Wednesday, April 16, 2014

Motherhood FAIL of the Week: Booze Hound

I am currently learning that being a Mother means sacrificing any hope of having a relaxing meal while in the company of your child for approximately five to ten years.  Monday night's seder was certainly no exception.  As I detailed in yesterday's post, the Muffin Man was not at his best.  As a result I was frazzled, exhausted and half paying attention to anything that didn't involve bribing my son to stay quiet long enough for the other guests to hear one page of the Haggadah without the accompanying wails of an overtired toddler.

A big part of each Passover seder is the consumption of a significant amount of (Kosher) wine, which probably explains why I've always enjoyed this particular holiday.  While the adult guests are expected to polish off a few bottles of vino by the end of the meal, the younger not-yet-a-man set receive glasses of grape juice.  For those of my dear readers who are not members of the tribe or who have never been to a seder, let me just preface this by explaining that kosher wine and kosher grape juice are the exact same color.  I suppose in good lighting and with younger eyes one might detect a slight variation, but to me they appear interchangeable.  Therefore, when the cups were doled out to everyone sitting at the table, I assumed that Noah had received one holding grape juice.  I poured some water into the glass to cut the juice and handed it to him, assuming that he would react in the same way he'd reacted to everything else that night and either reject it out of hand or fling it back in my face.  I was pleasantly surprised when, for the first time all evening, my son finally quieted down.  He was so busy guzzling the delicious sugar-filled nectar of the grape Gods that he couldn't open his mouth to complain or even spare a hand to throw matzoh across the room.  Just as Noah was draining the last of his cup, someone came by to offer him a glass of grape juice.  When I explained that he had already received one, the hostess looked at me in horror and told me that she hadn't poured any prior to this and had only given out cups of wine.  Oh, excellent.  While I was taking a moment to relax and thank whoever was smart enough to invent grape juice, my kid had been lapping up a significant portion of wine.  I quickly grabbed the cup out of Noah's hand, hoping against hope that he had not consumed so much alcohol that I would have to take him to the hospital and risk his being taken from me by the Department of Children and Family Services.  Well folks, the apple must not fall far from the tree because my kid had sucked that cup dry.  I'm pretty sure had I not grabbed it from his sweaty grip that he would've actually taken the time to lick the last few droplets of wine from the sides of the glass.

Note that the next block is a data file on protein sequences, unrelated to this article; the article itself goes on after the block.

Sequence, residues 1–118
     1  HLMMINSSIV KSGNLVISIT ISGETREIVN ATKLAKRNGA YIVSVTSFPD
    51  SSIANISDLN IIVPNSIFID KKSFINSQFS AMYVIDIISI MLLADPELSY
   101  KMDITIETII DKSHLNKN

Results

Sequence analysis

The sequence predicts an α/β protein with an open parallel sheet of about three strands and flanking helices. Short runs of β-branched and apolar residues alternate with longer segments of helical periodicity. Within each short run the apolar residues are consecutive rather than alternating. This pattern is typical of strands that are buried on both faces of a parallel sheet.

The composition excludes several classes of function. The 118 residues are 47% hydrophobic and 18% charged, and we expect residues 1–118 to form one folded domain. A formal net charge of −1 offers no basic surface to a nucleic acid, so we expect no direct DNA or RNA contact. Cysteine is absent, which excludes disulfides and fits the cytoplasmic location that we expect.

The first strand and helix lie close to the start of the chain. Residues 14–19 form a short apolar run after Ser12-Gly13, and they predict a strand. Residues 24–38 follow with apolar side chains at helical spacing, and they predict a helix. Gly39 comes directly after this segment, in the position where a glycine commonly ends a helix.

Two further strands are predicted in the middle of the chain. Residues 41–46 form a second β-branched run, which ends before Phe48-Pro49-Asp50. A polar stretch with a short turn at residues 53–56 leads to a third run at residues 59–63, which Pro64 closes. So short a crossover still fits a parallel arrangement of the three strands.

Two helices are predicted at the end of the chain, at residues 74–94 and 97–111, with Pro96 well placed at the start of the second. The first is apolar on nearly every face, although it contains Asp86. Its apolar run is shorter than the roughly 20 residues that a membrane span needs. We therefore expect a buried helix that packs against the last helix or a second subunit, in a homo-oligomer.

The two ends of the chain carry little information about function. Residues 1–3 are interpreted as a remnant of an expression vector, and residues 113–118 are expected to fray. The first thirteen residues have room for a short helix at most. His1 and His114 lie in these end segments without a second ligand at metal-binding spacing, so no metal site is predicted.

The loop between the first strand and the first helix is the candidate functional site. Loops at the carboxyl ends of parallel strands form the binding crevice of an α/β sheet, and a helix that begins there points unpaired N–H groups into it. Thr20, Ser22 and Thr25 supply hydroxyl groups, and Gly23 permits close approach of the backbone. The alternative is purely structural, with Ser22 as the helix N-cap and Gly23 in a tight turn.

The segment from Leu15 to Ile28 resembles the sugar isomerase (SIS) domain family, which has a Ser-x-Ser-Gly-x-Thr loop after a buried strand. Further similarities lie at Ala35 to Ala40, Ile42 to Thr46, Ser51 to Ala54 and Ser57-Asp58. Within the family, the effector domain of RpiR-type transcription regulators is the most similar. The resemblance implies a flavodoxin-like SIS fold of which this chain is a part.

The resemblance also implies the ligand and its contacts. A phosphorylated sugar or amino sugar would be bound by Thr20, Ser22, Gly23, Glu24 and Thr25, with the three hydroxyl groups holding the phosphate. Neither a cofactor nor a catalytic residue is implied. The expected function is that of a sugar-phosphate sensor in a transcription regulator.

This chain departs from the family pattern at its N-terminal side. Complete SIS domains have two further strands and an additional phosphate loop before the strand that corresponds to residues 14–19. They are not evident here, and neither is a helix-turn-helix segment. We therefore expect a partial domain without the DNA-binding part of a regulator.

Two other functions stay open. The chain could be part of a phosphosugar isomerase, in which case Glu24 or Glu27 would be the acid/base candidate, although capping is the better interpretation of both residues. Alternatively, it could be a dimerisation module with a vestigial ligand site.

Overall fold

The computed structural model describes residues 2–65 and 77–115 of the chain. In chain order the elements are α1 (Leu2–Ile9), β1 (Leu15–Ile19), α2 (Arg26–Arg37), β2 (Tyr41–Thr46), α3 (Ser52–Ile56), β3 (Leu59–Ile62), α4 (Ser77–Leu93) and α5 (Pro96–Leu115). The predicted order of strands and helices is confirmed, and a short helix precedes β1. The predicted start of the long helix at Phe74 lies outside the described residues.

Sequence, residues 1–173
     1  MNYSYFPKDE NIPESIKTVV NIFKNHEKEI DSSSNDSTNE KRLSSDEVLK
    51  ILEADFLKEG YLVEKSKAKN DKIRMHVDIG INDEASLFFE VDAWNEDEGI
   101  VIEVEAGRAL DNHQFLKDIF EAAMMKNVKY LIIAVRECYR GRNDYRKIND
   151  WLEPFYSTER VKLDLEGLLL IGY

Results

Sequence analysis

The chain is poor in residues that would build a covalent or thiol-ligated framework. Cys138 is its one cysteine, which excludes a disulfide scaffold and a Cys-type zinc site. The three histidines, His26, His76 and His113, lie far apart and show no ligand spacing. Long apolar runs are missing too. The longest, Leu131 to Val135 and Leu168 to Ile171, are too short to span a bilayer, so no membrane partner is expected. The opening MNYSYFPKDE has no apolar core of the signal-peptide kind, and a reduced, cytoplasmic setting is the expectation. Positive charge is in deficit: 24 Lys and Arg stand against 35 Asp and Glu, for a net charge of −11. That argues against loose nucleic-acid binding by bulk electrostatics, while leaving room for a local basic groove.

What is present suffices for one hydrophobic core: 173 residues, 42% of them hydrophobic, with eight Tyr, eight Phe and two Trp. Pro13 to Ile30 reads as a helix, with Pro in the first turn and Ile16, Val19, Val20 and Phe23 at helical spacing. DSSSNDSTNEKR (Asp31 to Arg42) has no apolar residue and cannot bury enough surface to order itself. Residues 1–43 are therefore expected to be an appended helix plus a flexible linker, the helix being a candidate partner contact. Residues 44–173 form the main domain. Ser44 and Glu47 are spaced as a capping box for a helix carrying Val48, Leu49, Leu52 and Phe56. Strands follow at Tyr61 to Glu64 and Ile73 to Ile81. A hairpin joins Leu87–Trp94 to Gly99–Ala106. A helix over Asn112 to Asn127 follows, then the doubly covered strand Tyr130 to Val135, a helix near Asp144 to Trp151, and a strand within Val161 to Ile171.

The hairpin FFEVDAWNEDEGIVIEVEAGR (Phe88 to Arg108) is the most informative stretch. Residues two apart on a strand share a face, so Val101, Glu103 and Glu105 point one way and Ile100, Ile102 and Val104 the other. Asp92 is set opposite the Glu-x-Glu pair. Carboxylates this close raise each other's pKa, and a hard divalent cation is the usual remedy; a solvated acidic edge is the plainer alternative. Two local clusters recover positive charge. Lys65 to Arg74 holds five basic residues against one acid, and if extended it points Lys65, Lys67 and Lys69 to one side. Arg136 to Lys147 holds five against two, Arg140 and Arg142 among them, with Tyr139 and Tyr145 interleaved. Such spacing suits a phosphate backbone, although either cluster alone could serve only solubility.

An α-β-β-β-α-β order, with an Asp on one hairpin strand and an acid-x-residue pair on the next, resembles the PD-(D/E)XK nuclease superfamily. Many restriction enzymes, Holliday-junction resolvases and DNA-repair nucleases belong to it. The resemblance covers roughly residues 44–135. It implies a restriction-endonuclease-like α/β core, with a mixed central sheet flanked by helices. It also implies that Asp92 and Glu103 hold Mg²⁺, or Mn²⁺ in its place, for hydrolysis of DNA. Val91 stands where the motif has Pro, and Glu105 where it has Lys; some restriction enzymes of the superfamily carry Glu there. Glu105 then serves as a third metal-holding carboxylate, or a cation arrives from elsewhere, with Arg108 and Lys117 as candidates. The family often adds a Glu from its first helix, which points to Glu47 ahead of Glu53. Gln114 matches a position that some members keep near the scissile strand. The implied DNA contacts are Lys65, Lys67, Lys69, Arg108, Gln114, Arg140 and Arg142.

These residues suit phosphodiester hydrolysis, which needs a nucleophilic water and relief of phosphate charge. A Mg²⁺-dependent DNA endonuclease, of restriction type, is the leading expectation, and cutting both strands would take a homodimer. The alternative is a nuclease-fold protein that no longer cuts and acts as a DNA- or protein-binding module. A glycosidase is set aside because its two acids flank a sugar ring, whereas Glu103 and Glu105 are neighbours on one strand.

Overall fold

Let me just say that Noah was none too thrilled to have his beverage snatched unexpectedly from his his hands, despite my promptly replacing the cup o' booze with one filled with grape juice.  That was essentially the beginning of the end of our Passover evening, since Noah screaming for more wine combined with my anxiety over having inadvertently allowed my child to drink enough alcohol to get a sorority girl tipsy didn't make us the best party guests.  Thankfully, he doesn't seem to have sustained any lasting damage from his Passover bender, though I am planning to look into whether there's an AA meeting for the five and under set, just in case.  

2 comments:

  1. Funny story and I'm sure there are many like it. We don't have small kids around any more, but we all drink grape juice -- I can't imagine drinking so much wine! I think that when my kids were little, I just put them to bed after about half an hour of the seder, but I don't remember how that worked as it was a long time ago. My kids are now 25 and 27! (Here from the Ultimate Blog Challenge.)

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    1. I have a feeling I'm doomed to only attending 1/3 of every seder from now until they turn 13 or so. More wine for everybody else, I suppose!

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